22-year-old Felicia refuses to let her disability hold her back.
The bride has been in a wheelchair for seven years after crushing her spine working as a gunner with the Royal Artillery.
The move follows a complaint by a student who uses an ostomy bag earlier this year.
A 15-year-old with cerebral palsy and severe vision impairment will walk at New York Fashion Week, modeling Kohl's adaptive fashion line.
The line, which was launched yesterday, aims to help little ones whether they have feeding tubes, crutches, are in a wheelchair or are just in need of clothes that are easy to put on and gentle on their skin.
Christa Couture, who lost her leg to bone cancer as a teen, noticed that women with disabilities weren't featured in most parenting coverage.
In the past beauty pageants haven’t necessarily been known for their drive towards diversity. But, things have been changing of late. Not only has the beauty element started to take a back seat, but there has been a positive move to encourage the idea that all bodies are beautiful.
The fashion industry is known for its exclusionary policies, only just starting to cater for people of different sizes. London-based brand Teatum Jones is aiming to appeal to disabled shoppers in a new clothing range that will be showcased next year. Catherine Teatum and Rob Jones will be teaming up with British Paralympians in a bid to design styles that will take in the views and opinions of people with a wide range of physical disabilities.
Earlier this year, Curvy Kate, a body-positive lingerie brand, announced the launch of their #TheNewSexy campaign for their Scantilly range. Now, in a bid to highlight that the battle to increase diversity in the fashion industry hasn’t yet been won, the brand have released their second #TheNewSexy campaign. Gemma Flanagan suffers from Guillain-Barre Syndrome, an auto-immune disease that has left her mostly wheel-chair bound.
It was founded by Arianna Warner, who has Complex Regional Pain Syndrome (or Reflex Sympathetic Dystrophy) - a near-invisible injury that causes persistent severe pain - and is made up of five artists each with their own invisible disability or illness: Aubrey Hight, Lindsay Carter, Kimber Teatro, Trevor Ward and Tanya Magdalena. Each artist created a temporary tattoo representing their experience of their disability, and making it easier to understand.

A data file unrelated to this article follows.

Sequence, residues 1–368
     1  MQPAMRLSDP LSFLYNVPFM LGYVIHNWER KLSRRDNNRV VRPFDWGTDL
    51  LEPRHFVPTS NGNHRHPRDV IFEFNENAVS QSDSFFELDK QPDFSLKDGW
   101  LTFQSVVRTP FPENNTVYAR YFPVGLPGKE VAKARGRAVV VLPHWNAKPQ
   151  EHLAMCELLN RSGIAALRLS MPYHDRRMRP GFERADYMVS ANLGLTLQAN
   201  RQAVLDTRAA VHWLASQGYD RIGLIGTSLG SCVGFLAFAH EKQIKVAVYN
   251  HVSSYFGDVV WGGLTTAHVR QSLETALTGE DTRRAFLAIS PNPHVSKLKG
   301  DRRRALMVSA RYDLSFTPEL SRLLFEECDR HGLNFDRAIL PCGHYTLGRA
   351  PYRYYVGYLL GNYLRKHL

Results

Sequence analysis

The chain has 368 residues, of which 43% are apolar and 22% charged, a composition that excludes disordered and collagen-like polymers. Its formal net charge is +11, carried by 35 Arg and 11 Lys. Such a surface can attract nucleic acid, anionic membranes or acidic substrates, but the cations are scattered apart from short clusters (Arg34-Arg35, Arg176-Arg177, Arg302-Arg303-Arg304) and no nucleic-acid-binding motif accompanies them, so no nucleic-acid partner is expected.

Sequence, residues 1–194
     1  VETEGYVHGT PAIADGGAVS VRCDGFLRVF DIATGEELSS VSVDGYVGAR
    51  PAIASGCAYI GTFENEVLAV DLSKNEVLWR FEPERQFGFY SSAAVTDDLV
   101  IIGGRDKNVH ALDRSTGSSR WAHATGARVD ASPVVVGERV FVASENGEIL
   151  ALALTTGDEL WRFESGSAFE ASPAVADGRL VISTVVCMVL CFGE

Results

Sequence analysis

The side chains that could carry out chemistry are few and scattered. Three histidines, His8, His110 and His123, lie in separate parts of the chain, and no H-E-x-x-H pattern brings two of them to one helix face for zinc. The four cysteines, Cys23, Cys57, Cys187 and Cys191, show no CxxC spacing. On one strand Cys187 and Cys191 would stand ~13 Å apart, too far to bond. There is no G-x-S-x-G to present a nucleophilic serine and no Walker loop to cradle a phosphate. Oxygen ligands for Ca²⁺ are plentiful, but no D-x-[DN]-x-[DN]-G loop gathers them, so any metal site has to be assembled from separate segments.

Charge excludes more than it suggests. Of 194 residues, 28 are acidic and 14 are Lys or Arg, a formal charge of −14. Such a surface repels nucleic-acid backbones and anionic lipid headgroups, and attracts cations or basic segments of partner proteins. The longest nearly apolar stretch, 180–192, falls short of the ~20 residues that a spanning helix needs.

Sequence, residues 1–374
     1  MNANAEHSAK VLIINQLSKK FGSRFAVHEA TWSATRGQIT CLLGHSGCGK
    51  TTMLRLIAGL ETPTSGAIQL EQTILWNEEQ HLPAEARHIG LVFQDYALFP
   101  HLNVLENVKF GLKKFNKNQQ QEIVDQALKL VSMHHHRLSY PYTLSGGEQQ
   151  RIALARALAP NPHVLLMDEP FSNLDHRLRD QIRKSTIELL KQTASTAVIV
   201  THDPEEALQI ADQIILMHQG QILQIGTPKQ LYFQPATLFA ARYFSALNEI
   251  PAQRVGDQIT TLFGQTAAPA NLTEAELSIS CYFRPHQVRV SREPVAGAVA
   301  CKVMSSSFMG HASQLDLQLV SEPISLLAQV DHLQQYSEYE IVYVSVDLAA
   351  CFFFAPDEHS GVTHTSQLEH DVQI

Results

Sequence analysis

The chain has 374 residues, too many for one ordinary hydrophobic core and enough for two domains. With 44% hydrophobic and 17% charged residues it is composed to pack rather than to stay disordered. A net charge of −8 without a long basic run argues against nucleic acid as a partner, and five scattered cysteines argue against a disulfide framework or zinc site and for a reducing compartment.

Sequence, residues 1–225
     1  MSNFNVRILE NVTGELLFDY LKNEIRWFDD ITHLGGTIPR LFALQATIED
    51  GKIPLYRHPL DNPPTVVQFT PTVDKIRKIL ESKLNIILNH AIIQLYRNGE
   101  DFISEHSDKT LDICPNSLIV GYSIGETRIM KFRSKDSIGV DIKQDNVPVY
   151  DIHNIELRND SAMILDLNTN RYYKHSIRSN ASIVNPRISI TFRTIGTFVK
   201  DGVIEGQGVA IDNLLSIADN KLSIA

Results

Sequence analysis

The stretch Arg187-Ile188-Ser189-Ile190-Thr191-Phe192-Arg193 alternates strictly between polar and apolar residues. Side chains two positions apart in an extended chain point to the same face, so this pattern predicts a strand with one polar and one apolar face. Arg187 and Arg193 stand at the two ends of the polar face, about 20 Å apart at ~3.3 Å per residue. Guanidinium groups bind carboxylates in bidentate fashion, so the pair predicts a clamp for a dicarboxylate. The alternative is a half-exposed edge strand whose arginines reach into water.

Please RT pic.twitter.com/VxTNR42pc4— TfL Access (@TfLAccess) 30 August 2016 This is why Transport for London (TfL) are trialling new ‘badge cards’ to make other passengers aware of those unable to stand. For now, TfL is recruiting 1,000 people to take part in the European-first six-week trial to assess how successful it is for passengers to use as well as the reactions of others. Those trialling it will also be given a card that can be shown to TfL staff. It’s a big move by TfL, and is in response to passenger feedback which found that people with hidden disabilities and conditions (or those undergoing treatments) can find it difficult to get a seat when they need one.
(Instagram/beautyandpinups) In the last year, diversity in the fashion industry has flourished. Models with disabilities have strutted down runways and been featured in fashion campaigns. Now, this same kind of diversity is making its way into the beauty industry. ALSO SEE: Kmart catalogue includes kids with disabilities Katie Meade is a 32-year-old model with Down syndrome.
[Photo: Instagram/Lauren Watson] Lauren Watson may be paralysed from the waist down, but she wasn’t going to let a little thing like a lack of sensation in her legs stop her from becoming an accomplished aerial dancer. The 34-year-old, from Australia, has beaten the odds in the last few years and gone from a wheelchair to performing as an aerial artist. She’s adapted poses, tricks and apparatuses to her disability and has performed in big-name circus acts and even in a music video for Sydney-based band Little Fox. Pretty spectacular for a woman left partially paralysed after a car accident at the age of 19.